Women in their mid-40s become increasing aware that menopause is just around the corner. As their fertility wanes, women begin to pay attention to any information about minimizing hot flashes, improving sleep patterns or preventing weight gain. No woman wants to experience any of these undesirable symptoms and many women will do whatever they can to avoid them.
Perhaps that is why the thought of hormone replacement therapy (HRT) is so attractive. It used to be routinely prescribed for menopausal women because it did reduce or eliminate most of the adverse symptoms associated with the loss of fertility. But, in 2007, the results of a large Women’s Health Study showed that HRT posed more health risks than benefits. Since that time, doctors have been cautious about prescribing the drug for any patients.
A recent article published in the October Journal of the American Medical Association (JAMA) has taken another look at the data from the WHI data as well as other statistics since 2007. This extended analysis has once again shown that “the health risks associated with long-term hormone replacement therapy outweigh the benefits…” (Medscape Medical News. 10/1/13)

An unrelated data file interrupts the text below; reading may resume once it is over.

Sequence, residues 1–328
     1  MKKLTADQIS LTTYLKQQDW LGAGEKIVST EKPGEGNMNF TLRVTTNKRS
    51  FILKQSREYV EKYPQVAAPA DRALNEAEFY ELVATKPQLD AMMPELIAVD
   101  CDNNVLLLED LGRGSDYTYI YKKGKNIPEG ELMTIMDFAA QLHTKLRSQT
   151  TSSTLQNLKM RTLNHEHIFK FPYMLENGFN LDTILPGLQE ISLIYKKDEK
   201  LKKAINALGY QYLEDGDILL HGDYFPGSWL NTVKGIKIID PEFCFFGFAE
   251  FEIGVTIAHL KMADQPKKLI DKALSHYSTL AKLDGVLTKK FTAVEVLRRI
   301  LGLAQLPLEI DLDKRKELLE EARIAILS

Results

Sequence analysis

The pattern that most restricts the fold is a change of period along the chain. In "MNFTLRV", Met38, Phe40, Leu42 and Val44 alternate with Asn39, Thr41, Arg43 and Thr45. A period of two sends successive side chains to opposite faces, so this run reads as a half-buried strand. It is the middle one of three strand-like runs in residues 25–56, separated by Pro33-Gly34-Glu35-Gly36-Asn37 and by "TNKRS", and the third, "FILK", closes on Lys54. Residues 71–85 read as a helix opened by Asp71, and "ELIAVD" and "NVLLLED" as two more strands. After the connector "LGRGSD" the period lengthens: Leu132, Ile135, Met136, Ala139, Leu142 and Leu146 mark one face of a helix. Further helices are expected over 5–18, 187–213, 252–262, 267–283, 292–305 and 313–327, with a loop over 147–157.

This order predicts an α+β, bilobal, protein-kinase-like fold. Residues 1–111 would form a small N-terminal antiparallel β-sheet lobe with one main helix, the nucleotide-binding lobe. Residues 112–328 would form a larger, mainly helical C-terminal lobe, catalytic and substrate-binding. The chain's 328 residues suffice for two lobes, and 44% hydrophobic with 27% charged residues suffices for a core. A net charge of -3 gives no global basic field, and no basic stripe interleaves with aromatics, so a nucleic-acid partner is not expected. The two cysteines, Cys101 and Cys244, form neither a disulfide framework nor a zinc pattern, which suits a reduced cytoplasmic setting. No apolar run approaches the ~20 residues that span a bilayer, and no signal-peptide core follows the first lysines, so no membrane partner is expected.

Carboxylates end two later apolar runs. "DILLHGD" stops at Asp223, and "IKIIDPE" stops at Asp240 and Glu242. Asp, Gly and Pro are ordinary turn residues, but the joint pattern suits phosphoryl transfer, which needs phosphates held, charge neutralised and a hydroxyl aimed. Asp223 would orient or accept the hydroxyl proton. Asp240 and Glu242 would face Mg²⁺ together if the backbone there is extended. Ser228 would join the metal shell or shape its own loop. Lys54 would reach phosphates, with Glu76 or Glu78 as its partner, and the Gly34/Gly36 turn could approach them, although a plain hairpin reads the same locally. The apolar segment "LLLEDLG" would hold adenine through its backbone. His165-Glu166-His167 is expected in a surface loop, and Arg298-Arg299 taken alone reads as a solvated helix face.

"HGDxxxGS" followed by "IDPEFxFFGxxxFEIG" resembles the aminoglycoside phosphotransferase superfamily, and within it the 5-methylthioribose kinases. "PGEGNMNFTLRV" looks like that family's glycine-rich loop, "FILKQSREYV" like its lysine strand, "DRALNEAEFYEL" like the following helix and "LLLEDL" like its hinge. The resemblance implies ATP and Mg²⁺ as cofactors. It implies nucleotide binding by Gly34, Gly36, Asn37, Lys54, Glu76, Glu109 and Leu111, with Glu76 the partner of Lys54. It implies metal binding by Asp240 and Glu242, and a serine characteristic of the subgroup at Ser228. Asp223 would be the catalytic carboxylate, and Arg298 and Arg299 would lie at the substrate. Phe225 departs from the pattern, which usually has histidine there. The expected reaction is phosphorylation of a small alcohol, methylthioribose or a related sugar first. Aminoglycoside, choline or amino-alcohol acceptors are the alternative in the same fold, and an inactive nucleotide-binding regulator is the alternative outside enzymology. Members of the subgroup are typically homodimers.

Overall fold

Here are some of the results highlighted in the article.
Women who took either conjugated equine estrogens (CEE) or medroxyprogesterone (MPA) were 80% more likely to develop coronary heart disease at year one than women receiving a placebo. And women in the CEE + MPA group were 24% more likely to develop breast cancer than women in the placebo group. The same article also reported that women in the control groups did have a modest reduction in menopausal symptoms.
The data seems to be convincing that HRT can moderate the common indications of menopause but at the potentially high threat of breast cancer and cardiovascular disease. This report suggests that women should proceed cautiously with the use of HRT because of the complex profile of risks and benefits.